Has anyone ever thought that the current refusal to reward a higher level of education, is just a ploy by the hospitals to keep nurses from becoming united under one educational level? I do believe that a unified nursing workforce is exactly what the hospitals do not want. They do not want the public to know that nurses are educated professionals. The prefer to keep the public unaware of the education the is needed to become an RN. That keeps us unimportant and invisible. (AKA BARE FOOT AND PREGNANT) If nurses were rewarded significantly for earning a BSN, then nurses would be flocking to colleges to earn it. And when most of the nursing workforce had a BSN, they would, heavans to betsy, ask for more money, like the PTs, and OTs and Pharmacists have. Is that really what the doctor ordered? Maybe not, bu remaining the lowest educationally prepared fo the health care professions, make it that much harder to demand what we know we are worth. JMHO.

    Lindarn, RN, BSN, CCRN
    Spokane, Washington

    AMEN MY SISTA!!:yeahthat:
  7. by   ZASHAGALKA
    Quote from lindarn
    Is there any reason why nursing needs to remain behind all of the other health care professionals who have gone beyond even a Bachelors Degree as entry into practice? Why nursing needs to remain the "welfare state" and "social action recipients" of the health care professionals? I do not see other health care professions concerning themselves with problems that can be solved by the individual. Their concern was, and is, raising the standards of their profession. They set the bar, and expect all who want to be part of the profession to either accept it, and earn the present educational standards, or choose another profession. They have applicants beating down their doors to be admitted.

    No one asks to have the rules changed, or bent, for them. No one asks to have a degree given to them based on some nubulous past education or experience, received a lifetime ago. This adherance and acceptance of a higher level of entry into practice is rewarded with MUCH HIGHER PAY, AND RESPECT.

    Has anyone ever thought that the current refusal to reward a higher level of education, is just a ploy by the hospitals to keep nurses from becoming united under one educational level? I do believe that a unified nursing workforce is exactly what the hospitals do not want. They do not want the public to know that nurses are educated professionals. The prefer to keep the public unaware of the education that is needed to become an RN. That keeps us unimportant and invisible. (AKA BARE FOOT AND PREGNANT). If nurses were rewarded significantly for earning a BSN, then nurses would be flocking to colleges to earn it. And when most of the nursing workforce had a BSN, they would, heavans to betsy, ask for more money, like the PTs, and OTs and Pharmacists have. Is that really what the doctor ordered? Maybe not, but remaining the lowest educationally prepared of the health care professions, make it that much harder to demand what we know we are worth. JMHO.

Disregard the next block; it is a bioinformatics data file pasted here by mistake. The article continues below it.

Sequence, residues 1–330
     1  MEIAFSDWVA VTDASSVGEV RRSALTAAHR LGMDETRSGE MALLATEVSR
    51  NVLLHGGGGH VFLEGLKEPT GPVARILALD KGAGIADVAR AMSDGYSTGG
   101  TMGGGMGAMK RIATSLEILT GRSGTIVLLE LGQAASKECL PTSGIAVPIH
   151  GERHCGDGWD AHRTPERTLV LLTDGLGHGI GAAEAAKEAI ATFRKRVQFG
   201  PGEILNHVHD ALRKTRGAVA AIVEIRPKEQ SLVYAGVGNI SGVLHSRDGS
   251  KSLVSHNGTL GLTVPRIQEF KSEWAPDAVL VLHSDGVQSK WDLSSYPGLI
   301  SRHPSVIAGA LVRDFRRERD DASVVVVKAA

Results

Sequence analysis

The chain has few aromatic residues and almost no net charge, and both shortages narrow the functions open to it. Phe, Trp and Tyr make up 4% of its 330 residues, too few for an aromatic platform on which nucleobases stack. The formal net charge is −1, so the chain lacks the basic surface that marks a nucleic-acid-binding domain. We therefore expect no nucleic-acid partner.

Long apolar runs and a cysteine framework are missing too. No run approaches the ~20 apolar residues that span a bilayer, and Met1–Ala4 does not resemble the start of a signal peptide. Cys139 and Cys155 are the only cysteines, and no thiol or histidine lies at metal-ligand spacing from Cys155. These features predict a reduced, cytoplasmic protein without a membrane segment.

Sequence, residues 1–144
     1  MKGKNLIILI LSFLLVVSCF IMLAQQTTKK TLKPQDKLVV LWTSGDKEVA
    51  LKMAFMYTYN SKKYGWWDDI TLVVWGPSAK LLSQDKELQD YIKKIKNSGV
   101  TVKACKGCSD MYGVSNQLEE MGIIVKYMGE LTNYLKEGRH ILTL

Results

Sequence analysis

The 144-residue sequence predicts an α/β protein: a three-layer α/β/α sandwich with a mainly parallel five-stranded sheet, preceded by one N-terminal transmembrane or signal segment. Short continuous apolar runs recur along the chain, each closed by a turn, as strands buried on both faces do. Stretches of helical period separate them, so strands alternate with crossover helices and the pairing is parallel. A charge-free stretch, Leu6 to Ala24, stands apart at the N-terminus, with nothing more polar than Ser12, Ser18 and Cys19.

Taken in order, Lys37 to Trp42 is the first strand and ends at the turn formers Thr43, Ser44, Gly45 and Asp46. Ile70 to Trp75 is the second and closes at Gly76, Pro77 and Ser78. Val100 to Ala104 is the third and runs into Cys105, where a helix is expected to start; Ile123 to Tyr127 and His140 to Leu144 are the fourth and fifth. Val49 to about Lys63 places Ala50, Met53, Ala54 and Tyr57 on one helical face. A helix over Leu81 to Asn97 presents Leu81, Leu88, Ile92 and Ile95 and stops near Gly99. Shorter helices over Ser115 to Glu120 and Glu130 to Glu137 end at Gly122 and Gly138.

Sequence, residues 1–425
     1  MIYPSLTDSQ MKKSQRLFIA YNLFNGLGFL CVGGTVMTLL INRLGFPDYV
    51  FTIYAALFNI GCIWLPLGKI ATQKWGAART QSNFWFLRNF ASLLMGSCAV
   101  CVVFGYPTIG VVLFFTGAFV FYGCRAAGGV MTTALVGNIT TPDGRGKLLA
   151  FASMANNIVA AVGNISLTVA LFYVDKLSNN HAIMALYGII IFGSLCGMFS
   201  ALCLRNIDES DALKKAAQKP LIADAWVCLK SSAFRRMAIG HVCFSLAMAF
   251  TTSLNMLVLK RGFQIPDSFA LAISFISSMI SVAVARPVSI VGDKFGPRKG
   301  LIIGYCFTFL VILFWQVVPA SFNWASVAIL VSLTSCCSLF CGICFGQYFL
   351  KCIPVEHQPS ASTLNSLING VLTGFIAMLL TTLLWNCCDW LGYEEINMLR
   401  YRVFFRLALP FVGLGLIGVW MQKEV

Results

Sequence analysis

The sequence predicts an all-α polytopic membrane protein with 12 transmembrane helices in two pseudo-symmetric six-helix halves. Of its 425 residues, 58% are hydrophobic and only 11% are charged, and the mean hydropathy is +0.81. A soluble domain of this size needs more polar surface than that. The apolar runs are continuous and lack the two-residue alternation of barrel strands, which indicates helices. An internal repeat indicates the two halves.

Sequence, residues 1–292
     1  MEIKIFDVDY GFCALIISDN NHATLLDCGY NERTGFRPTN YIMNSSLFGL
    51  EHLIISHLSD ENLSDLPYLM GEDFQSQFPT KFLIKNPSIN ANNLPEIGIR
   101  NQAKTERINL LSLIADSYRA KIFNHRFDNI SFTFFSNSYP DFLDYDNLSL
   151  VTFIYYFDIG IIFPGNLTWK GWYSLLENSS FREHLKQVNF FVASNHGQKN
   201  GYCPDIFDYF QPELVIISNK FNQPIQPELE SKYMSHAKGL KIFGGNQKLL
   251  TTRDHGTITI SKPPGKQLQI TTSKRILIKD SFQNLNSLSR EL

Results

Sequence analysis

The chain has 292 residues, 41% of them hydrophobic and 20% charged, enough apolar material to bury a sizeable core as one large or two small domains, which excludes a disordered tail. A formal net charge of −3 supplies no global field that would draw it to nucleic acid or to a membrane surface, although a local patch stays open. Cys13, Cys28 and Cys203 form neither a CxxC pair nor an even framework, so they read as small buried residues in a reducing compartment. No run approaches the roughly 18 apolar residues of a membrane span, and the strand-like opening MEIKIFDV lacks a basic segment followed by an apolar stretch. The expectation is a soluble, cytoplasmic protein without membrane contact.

Lindarn, RN, BSN, CCRN
    Spokane, Washington
    You have the mistaken belief that others, such as doctors or admin, would RESPECT a bach degree. If you can't see by now, with this issue about salary differential, that they simply don't care, nothing will convince you short of BSN-entry and still, no additional respect or pay to show for it.

    We do need to be unified, but it won't be under one 'educational umbrella'. For, as soon as BSN became the 'entry', then the APNs would complain that 'RN's bring the profession down'. Don't believe me?

    http://www.nursingworld.org/ojin/topic18/tpc18_3.htm:

    "Doors to future educational changes should be kept open, but moving education to the BSN level is the first step. Noting the increasing complexity of health care, some nurse leaders are concerned that a baccalaureate degree is no longer sufficient preparation for practice. They advocate master's or even doctoral level education and abandonment of the Registered Nurse title in favor of an advanced practice role that is clearly distinguished from entry into practice at the associate degree level. While raising the educational bar even higher can possibly be justified in terms of the knowledge base needed for advancing professional practice, we need to pay attention to past lessons and view with caution any proposed solution that would further split the profession and separate nurses with college degrees from the ranks of bedside caregivers."